I can’t remember a time when I didn’t want to know the Truth. I wanted to be someone who doesn’t stop at surface appearances and digs down to find out how things really are, even if it’s inconvenient or painful. But how did I know I was getting close to paydirt? A signal I often used was pain. Unconsciously, I leapt from “I want to know what’s right even if it’s inconvenient or painful” to “if it’s inconvenient or painful, it must be right.” I knew there would be some collateral damage with this approach, but at least I wasn’t going to be that one bozo who doesn’t see the Truth that is obvious to everyone else.
A few years ago, at work, I called a meeting to discuss a new software project, and I invited a talented junior developer even though I knew he was on call (which meant, it was his week to solve operational problems, so he might be pre-empted at any time). At one point in the meeting, I saw that he was engrossed in his laptop, and I was worried that he might be engaged on a production issue and distracted by the meeting. So I interrupted the discussion and said to him, “You know, you don’t have to be here if you don’t want.” He closed his laptop, sat up straight, and looked ahead at the whiteboard with a serious expression on his face. I think it took a moment before I realized that he thought I had criticized his meeting participation. Time dilated for me while my mind raced through a simulation of possible responses, until I became overwhelmed and had to give up on salvaging the interaction. I carried on with the meeting and found myself reflecting on it later.
That experience showed me what my pain-based heuristic must look like from the outside. What I saw was that it was not just unfair, it could be self-validating. That was the most obvious takeaway. Then, it occurred to me that no amount of skill, tact, or benevolence could be enough to avoid being misunderstood or having unintended impact. This was a disillusionment because it turns out the pain-based heuristic contained a hidden grandiosity. If anything that goes wrong is my fault, then that means I have the power to prevent things from going wrong if I can ever someday get good enough. But it had now become clear that this plan would never work. Finally, I realized that on some level, it wasn’t meaningful to ask if the developer had taken what I’d said the wrong way. What if an independent committee of reasonable people evaluated a video snippet of the meeting, and came to the same conclusion as the developer about what I meant? If there were a genuine Truth that he missed, is there any practical sense in which it mattered?
Evolution has been called a “punctuated equilibrium” which unfolds by forward lurches. When you take a casual look, species seem stable from generation to generation, but these periods interleave with phases of rapid adaptation, like an earthquake reshaping geography. As it happens, science itself seems to progress in this way. Thomas Kuhn blew the lid off of this in his mid-20th-century book, “The Structure of Scientific Revolutions” (which has become arguably the most cited philosophical paper of all time). Before Kuhn, the presumption was that science advances through a process of falsification. Supporting this, another 20th century philosopher, Karl Popper, claimed that scientists make progress by attempting to disprove hypotheses. This view appeals to the intuition because we can visualize it as a process of stripping away the false assumptions to reveal the gleaming Truth hidden beneath. But Kuhn noticed that when you look at scientists actually doing science, they are generally engaged in trying to prove hypotheses, not disprove them. They are trying to build, not strip away. Kuhn argued that science undergoes periods of relative stability and elaboration punctuated by events of rapid change in which a new framework, or paradigm, overtakes the old. And this change is usually contested by the established order; paradigms tend to fully shift, Kuhn wrote, only once the last holdouts have died.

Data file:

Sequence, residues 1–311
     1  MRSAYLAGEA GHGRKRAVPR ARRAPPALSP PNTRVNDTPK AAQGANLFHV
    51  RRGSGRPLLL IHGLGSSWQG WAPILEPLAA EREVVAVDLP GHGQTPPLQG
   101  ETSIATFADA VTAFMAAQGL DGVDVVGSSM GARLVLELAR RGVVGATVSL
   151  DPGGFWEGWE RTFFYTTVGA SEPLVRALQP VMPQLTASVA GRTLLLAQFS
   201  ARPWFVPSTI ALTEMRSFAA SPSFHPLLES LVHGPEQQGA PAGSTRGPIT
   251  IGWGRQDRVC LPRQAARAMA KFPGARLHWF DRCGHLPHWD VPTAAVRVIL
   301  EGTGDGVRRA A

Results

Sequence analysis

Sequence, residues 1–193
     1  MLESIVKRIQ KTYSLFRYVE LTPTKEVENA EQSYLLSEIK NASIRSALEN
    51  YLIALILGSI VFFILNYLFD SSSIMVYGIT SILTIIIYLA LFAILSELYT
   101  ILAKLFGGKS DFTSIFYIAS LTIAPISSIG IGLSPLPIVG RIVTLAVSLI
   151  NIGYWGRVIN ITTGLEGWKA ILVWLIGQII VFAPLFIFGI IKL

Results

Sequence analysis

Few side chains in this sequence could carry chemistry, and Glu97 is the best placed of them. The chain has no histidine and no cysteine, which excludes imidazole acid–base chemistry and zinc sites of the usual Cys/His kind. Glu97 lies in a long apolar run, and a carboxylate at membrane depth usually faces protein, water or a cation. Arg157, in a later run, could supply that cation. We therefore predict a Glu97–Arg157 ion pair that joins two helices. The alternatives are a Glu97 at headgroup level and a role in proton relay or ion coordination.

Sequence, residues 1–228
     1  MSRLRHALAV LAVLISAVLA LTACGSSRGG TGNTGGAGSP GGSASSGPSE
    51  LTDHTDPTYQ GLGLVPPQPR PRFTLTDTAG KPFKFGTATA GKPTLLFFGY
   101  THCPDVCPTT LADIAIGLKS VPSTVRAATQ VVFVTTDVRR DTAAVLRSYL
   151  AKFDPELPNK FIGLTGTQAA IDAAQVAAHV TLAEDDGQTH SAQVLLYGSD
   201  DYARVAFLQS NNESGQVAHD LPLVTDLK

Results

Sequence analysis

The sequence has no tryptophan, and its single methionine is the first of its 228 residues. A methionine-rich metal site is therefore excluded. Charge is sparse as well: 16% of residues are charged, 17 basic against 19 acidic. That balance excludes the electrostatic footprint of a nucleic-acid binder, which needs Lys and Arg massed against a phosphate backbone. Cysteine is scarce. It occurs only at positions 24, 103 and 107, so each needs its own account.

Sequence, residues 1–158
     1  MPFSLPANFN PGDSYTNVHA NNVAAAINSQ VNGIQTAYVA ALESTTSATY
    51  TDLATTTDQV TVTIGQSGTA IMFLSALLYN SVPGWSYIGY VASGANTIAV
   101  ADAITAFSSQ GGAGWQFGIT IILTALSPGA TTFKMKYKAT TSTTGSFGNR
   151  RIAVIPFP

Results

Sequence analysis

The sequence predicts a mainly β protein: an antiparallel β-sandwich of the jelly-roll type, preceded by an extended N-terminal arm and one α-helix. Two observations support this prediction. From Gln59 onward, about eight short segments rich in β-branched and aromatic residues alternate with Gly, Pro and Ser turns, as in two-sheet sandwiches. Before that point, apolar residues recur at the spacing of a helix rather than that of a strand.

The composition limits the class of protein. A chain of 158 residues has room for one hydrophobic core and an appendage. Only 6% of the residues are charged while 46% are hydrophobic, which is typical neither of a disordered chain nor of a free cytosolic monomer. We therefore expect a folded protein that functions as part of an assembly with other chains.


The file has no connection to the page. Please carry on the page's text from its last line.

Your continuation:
The tidy, cheerful science textbooks we grew up with belie the chaos of their origins. Even today, the leading edge of science consists of a messy and fallible peer review process, rife with retractions and reproducibility gaps. These themes of challenge and reversal appear in the subject of literature, too. George Orwell’s “Animal Farm” was rejected by at least four publishers before making it into print; “The Catcher in the Rye,” “Moby Dick,” and “The Great Gatsby” are just a few others that I personally read in school, which were initially rebuffed by the gatekeepers of culture.
It’s natural to believe that science (and literature, and evolution) are progressing on a linear path toward an ever more accurate or mature or fit condition. We may assume that the latest paradigm overcomes all previous errors and deficiencies. But Kuhn identified that every scientific paradigm suffers anomalies — observations that cannot be explained within the framework. Growing intolerance for the anomalies of the current paradigm is part of what drives a shift to the new one, but the new paradigm necessarily has its own anomalies, even if they are not fully understood yet. Moreover, competing paradigms are inherently incommensurable. There is no evidence that can prove one paradigm is better than another, because each paradigm interprets all available evidence differently. You have to first get inside a paradigm before you can have access to rules and standards and even a possibility of discourse. Everyone, even the most experienced and influential among us, must operate within a paradigm. And any paradigm, no matter how dominant today, may eventually fall out of favor, just as any species may eventually become extinct.